I loves a bargain. Running my screen recently led me to Van Elle Holdings PLC, a company definitely meeting that criteria. Van Elle currently trades at a shade over seven times earnings, and only 0.67 times sales. It yields approximately 3.6% as well. But does it warrant a purchase? I’m going to enlist the help of one of my current holdings to try and find out.
Focusrite (LSE:TUNE) is a company I’ve had on my watchlist for a while. In fact, I’ve had their annual reports sat next to me for a good month or so now. Lazy investing does have its pitfalls! With their half-year results released this past week, I thought it time to actually take a look.
XLM are something of a media darling at the moment, in more ways than one. Their “materially ahead” trading statement on November 21st was music to holders’ ears, and led non-holders (myself included) to question why they aren’t invested already.
I actually looked at XL Media last year, and again earlier this year when researching Taptica (a company working in similar field). A quick discounted cash flow model suggested the company was trading at a massive discount to its intrinsic value. However, it’s up over 100% year to date, so is this still the case today?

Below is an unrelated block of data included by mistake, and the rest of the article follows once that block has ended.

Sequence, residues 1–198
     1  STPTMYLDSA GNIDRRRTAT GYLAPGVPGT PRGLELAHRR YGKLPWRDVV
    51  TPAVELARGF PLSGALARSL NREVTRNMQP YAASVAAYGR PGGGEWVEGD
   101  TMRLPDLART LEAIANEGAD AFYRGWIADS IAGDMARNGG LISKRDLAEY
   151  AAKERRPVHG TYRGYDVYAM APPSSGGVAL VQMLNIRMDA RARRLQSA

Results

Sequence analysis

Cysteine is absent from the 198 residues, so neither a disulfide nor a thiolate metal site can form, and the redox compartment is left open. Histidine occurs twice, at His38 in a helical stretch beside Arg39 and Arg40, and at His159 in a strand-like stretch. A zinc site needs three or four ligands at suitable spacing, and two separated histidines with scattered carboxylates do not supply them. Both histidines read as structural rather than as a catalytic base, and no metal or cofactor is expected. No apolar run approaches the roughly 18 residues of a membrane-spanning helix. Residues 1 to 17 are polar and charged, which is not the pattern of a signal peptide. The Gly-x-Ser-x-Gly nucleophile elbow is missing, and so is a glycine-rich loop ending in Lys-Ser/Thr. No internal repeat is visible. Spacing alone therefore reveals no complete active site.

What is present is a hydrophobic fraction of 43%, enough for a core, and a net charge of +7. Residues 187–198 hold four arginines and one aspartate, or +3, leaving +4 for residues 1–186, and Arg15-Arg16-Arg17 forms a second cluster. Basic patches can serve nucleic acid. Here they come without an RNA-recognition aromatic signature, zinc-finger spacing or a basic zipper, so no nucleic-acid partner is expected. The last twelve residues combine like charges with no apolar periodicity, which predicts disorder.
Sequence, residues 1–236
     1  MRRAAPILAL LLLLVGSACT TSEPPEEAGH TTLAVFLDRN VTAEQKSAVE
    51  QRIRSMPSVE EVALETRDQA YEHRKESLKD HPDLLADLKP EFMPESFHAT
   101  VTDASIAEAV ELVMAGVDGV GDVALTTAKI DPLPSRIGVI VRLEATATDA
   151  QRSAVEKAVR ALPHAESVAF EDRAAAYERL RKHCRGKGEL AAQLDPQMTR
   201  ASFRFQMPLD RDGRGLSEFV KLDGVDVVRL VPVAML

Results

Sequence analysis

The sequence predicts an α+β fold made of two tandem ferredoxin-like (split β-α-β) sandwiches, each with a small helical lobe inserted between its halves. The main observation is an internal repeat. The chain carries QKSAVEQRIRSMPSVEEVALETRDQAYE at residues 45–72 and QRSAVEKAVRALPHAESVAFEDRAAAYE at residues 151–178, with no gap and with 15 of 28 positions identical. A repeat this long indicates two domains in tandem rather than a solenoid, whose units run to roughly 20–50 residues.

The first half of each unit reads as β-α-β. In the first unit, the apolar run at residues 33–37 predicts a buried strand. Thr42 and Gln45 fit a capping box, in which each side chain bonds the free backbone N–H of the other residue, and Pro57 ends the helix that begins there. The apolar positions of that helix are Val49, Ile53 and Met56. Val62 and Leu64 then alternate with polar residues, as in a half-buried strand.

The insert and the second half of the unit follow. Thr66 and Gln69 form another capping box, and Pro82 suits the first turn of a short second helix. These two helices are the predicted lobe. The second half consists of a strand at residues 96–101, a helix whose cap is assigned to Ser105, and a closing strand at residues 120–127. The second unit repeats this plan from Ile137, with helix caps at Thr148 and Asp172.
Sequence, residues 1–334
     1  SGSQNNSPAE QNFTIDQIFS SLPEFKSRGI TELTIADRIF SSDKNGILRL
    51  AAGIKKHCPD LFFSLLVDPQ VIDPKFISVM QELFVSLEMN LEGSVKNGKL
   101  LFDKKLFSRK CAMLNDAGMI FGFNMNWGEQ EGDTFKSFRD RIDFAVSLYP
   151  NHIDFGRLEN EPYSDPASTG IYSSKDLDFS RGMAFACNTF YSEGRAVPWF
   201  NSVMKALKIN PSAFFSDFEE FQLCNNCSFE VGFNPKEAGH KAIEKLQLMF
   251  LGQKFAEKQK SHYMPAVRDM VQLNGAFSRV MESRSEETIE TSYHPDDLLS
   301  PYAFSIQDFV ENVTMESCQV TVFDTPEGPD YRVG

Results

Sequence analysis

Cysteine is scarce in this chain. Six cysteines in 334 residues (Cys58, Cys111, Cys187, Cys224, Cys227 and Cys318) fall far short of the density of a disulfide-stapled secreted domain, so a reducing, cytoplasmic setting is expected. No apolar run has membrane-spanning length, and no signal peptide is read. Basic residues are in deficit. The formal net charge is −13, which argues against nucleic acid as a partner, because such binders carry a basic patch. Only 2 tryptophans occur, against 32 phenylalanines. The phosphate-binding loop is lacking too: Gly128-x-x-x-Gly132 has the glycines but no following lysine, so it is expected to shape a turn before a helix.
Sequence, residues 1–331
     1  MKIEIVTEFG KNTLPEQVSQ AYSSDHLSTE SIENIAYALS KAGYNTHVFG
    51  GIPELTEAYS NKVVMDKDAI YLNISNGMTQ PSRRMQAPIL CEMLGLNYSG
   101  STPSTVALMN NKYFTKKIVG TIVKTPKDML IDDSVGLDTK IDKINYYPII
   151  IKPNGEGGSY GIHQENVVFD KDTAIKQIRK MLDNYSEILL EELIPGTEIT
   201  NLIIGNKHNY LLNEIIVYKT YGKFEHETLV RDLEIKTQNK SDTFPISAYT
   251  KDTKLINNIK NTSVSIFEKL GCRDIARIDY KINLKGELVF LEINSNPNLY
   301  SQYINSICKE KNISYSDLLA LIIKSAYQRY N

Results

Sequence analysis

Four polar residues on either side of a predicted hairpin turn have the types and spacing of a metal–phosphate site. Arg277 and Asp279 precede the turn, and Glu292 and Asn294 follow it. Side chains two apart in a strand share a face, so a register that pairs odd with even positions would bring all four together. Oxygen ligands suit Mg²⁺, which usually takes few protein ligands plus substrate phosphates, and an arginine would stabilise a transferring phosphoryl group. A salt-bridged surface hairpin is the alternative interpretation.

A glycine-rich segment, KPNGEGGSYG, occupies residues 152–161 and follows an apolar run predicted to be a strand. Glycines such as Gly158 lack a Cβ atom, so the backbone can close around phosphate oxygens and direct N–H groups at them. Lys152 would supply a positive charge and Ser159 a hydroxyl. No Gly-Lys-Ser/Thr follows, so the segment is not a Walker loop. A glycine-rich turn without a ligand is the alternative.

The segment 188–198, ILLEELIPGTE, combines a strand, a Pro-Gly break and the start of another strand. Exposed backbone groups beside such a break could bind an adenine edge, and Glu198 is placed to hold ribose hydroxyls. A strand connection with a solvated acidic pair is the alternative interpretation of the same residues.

If you read any of my company valuations posts, you’ll know I like to incorporate a discounted cash flow model when looking into the merits of a business. Make no mistake however, this is but one tool to be used when investigating a company, and obviously does not work under all circumstances (i.e. companies that don’t generate positive free cash flow). A discounted cash flow valuation can be as simple or as complicated as you want. I’d like to explore that idea a little bit.
The essence of value investing is in buying things which are out of favour. When these things decline further in price, we get excited and buy more. It is for this reason that I don’t place stops on any of my un-leveraged positions, and as it stands, Gilead Sciences is a case in point.
Valuation matters to me. In fact, I’m particularly fond of one of the many aphorisms coined by Warren Buffett: “Price is what you pay, value is what you get”. With that in mind, I read an article this week in Barron’s suggesting Under Armour could double from its current price (thanks to @chriswmayer). Eye catching for sure. The company has been beaten down recently, and isn’t particularly expensive, but this wasn’t always the case:
“Under Armour must have been overvalued back in 2005, when it sold at a P/E of 90 and had a price-to-sales multiple of 6.3. Despite what looked like a crazy valuation, it is up nearly 500% since 2005, even after the huge pullback in the past year.”
I’d have struggled to buy at 90 times earnings and over 6 times sales, but are there circumstances in which I would pay a higher price? Yes. I’d pay a higher price for perceived higher value, and one way to determine value is through free cash flows.